Italian comedian and actress Paola Cortellesi’s directorial debut, “C’e’ Ancora Domani” (There’s Still Tomorrow) has outperformed Barbie as the highest-grossing film at the Italian box office in 2023.
There’s Still Tomorrow was the highest grossing film at Italian cinemas in 2023, as per data from Cinetel released today.
The black and white film depicts the domestic struggles of an abused housewife in post-war Rome. It looks at the themes of patriarchy and women’s empowerment during the year of Italian women’s first voting rights. It has now amassed a total of €32,250,000.
In comparison, Greta Gerwig’s production featuring Margot Robbie as the renowned fashion doll Barbie stands at €32,122,000. Christopher Nolan’s “Oppenheimer” secures the third spot with earnings of €27,990,000.
The Capri Hollywood film festival recognised Cortellesi as the ‘European Filmmaker 2023’ on Thursday, celebrating the success of her film.
Additionally, it was revealed on Tuesday that “C’e’ Ancora Domani” has surpassed Roberto Benigni’s Oscar-winning classic “Life Is Beautiful,” securing the fifth position in the all-time Italian box office rankings for domestically produced films.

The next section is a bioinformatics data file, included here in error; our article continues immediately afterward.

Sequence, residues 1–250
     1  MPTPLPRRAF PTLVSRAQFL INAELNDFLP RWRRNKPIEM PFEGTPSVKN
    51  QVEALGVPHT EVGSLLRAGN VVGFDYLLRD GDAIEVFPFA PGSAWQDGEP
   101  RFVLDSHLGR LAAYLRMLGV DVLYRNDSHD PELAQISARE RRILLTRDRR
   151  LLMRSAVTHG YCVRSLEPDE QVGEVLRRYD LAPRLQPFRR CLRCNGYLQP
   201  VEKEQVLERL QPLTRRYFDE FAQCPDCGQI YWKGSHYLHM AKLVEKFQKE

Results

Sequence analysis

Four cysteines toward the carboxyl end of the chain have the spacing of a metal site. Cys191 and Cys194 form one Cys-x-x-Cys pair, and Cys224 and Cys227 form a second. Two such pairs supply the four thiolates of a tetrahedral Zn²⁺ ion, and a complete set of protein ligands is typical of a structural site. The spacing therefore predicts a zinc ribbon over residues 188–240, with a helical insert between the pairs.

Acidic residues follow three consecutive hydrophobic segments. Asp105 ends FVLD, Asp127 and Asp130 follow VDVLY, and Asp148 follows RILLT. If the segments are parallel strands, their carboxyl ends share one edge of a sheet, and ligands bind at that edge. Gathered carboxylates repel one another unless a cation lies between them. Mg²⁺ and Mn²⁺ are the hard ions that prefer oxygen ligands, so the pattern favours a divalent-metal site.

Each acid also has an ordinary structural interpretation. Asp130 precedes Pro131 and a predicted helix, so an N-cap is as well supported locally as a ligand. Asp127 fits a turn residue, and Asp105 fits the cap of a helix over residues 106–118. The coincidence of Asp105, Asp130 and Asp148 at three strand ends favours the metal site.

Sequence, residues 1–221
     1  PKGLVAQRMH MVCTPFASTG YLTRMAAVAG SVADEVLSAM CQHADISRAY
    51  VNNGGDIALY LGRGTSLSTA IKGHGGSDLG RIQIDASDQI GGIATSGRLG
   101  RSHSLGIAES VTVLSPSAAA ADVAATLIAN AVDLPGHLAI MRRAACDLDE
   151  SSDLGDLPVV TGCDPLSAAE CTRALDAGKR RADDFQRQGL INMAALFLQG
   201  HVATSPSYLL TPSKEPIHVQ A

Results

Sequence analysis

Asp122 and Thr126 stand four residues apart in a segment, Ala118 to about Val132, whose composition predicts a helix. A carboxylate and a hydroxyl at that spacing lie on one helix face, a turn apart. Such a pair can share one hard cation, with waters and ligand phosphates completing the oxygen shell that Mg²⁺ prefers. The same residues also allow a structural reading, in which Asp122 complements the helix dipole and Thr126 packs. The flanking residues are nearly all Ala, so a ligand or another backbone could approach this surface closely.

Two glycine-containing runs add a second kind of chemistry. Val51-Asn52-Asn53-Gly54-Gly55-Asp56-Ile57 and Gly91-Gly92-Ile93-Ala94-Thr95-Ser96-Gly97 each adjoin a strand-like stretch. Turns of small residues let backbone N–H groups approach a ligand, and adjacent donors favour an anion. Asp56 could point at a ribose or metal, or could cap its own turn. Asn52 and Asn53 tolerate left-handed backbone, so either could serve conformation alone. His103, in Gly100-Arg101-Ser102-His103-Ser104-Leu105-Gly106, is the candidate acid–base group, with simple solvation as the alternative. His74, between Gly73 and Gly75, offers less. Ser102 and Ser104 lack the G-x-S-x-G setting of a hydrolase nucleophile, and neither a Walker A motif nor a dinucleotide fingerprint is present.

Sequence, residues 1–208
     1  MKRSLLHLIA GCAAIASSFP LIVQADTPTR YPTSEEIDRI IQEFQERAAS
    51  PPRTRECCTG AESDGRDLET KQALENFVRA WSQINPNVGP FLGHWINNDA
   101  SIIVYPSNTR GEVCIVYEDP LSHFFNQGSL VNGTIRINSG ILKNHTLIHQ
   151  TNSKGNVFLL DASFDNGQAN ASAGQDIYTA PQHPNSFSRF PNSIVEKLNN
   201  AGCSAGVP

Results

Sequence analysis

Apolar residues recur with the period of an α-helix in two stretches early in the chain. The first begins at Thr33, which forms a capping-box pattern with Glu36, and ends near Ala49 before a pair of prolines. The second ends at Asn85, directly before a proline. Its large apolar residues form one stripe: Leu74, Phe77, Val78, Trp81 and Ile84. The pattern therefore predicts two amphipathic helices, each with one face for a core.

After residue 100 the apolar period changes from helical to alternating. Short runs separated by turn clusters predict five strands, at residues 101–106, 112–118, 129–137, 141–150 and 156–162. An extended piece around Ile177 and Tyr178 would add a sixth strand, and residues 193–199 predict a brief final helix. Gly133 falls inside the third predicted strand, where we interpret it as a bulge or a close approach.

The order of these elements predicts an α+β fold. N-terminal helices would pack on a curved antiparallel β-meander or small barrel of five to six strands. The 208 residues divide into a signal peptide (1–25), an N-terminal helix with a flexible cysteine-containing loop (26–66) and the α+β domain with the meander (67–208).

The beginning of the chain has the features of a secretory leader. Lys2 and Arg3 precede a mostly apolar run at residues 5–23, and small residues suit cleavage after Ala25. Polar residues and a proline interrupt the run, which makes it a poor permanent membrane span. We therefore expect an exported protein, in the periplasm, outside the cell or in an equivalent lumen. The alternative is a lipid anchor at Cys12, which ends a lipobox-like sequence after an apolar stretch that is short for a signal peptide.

About There’s Still Tomorrow
There’s Still Tomorrow unfolds in 1946, within a Rome grappling with poverty and the aftermath of World War II. The black-and-white film intimately captures the daily struggles of the protagonist, Delia, facing abuse in a society where women’s roles are undervalued, and their opinions dismissed.
At 50 years old, Paola Cortellesi, who co-authored the screenplay, revealed that the film’s themes — encompassing disparity, domestic violence, and women’s rights — had been on her mind for an extended period. The narrative draws loose inspiration from the stories Cortellesi’s grandmothers shared about being women during that era.
Expressing her motivation, Cortellesi said in an interview with The New York Times, “I wanted to craft a contemporary film set in the past because I believe that unfortunately, many things have remained the same.”
Cortellesi expressed surprise at the film’s success, stating, “It’s a good film, and I am satisfied with what I did.” She attributed the widespread popularity to “having touched a raw nerve in the country.”
The film was released at a time when domestic violence, femicide, and women’s rights dominate public discourse following the murder of Giulia Cecchettin. However, Cortellesi insisted she didn’t intend to create a propaganda film.
Cortellesi recognises the importance of conveying Italy’s history of women’s rights to younger generations, including her 10-year-old daughter. She told the NY Times her daughter “has to know that these rights have to be defended, and that they can be put at risk.”